Big Brothers Big Sisters Will Get Mentoring Funds from Justice

A memo obtained by JJ Today indicates that despite missing out on OJJDP’s Recovery Act and announced 2009 funds for national mentoring projects, industry giant Big Brothers Big Sisters of America (BBBSA) has been told it will receive up to $3.9 million from the Department of Justice for mentoring.

In a memo sent to leaders of Big Brothers affiliates, BBBSA Chief Operating Officer Mack Koonce said the organization has “been in dialogue” with DOJ and found out it will receive a $1 million grant “under the FY ’09 bidding process, and a separate $1.9 [million] grant for Native American mentoring.” The organization could be successful on two other projects at Justice, Koonce said, both of which would carry $500,000 awards.

Which specific pots would those funds come from, we asked Koonce after reading his memo. His e-mailed response was interesting: “We’ll know which ones we are receiving when OJJDP makes its award announcements.” 

Okay. But wouldn’t Koonce know which pot he got a Native American mentoring grant from, if BBBSA had applied for a grant to do mentoring with Native American youth?

Koonce also revealed what BBBSA had found out about why it did not receive money from either of the national funding streams. 

For the fiscal 2009 appropriations, Koonce wrote in his memo,  “the process was carried out by peer review scoring against the original” request for applications. “We understand that we did not score as highly as the top seven that were funded.”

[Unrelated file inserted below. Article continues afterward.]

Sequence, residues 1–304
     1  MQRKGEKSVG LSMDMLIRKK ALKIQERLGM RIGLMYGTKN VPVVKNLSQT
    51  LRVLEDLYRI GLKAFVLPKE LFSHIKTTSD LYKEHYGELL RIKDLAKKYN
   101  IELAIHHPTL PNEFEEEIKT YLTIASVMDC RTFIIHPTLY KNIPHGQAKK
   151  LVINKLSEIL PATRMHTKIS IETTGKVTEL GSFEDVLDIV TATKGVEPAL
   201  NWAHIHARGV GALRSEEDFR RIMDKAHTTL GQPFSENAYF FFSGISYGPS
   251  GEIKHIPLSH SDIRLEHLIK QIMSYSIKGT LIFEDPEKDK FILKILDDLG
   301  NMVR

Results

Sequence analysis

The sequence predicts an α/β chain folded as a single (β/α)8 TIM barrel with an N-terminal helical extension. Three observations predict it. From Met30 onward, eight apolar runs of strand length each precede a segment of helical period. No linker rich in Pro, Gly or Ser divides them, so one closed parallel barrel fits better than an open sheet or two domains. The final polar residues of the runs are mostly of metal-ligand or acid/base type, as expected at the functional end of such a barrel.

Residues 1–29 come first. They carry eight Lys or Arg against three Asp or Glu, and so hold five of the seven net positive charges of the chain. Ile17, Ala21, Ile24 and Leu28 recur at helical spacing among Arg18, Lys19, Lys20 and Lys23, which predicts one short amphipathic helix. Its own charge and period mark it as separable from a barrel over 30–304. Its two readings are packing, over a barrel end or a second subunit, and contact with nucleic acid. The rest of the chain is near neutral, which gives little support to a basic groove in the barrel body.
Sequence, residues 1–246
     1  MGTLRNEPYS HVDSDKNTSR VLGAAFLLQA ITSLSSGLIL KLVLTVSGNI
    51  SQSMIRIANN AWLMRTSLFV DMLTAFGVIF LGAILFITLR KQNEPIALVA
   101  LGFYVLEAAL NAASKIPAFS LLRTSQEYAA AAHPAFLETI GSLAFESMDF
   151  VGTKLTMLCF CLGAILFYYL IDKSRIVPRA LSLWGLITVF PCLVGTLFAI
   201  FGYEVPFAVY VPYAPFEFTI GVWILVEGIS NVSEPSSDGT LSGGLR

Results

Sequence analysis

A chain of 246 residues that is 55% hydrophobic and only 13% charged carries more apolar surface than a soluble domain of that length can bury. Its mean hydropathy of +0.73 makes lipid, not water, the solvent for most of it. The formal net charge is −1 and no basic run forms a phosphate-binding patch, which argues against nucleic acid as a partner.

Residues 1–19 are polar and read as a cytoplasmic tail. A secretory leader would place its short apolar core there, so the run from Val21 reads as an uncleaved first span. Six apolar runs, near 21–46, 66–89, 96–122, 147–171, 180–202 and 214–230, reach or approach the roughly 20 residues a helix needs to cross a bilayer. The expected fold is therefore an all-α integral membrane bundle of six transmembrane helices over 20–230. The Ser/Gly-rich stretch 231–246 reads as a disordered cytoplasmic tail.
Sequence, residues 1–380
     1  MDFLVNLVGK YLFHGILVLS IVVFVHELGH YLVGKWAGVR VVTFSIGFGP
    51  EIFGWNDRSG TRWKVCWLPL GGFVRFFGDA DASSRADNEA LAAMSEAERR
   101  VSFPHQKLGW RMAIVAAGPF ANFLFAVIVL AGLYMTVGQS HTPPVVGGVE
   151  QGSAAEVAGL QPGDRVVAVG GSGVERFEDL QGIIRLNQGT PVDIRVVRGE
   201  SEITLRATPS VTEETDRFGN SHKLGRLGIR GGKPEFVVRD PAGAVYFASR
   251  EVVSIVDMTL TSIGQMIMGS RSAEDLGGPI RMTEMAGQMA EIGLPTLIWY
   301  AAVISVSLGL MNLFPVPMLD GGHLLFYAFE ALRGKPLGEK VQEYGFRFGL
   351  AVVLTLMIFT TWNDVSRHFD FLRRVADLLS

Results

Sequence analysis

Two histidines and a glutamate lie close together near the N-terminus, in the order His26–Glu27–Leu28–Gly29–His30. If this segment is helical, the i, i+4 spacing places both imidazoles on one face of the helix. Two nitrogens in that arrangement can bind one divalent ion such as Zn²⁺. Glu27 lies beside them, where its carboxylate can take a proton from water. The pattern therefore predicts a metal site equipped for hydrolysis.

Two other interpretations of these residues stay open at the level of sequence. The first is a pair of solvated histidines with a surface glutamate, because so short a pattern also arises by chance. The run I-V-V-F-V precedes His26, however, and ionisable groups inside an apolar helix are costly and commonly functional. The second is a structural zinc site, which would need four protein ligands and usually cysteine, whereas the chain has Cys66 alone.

That supports what JJ Today has heard from sources close to OJJDP: that, in the wake of questionable grant-making practices in fiscal 2007, the organization stayed completely faithful to the scores this go-round.

Koonce had a different explanation for BBBSA missing out on the Recovery Act money. “In discussion with the OJJDP,” Koonce said, “we understand that there were issues related to our submission, which we are investigating to find out exactly what happened.”

Now this is complete speculation, but you have to think the “issue” might have been around the aspect of creating jobs. Proposing a mentoring project to the feds is something BBBSA is quite comfortable doing; it received a total of $13.4 million from DOJ for mentoring in 2007 and 2008, and apparently will get at least $2.9 million more this year.

But the Recovery Act solicitation required that applicants demonstrate how the award would help stimulate job growth, and that is a foreign concept to most youth work organizations, let alone one like BBBSA that is based more on developing volunteers than paid mentors. 

 

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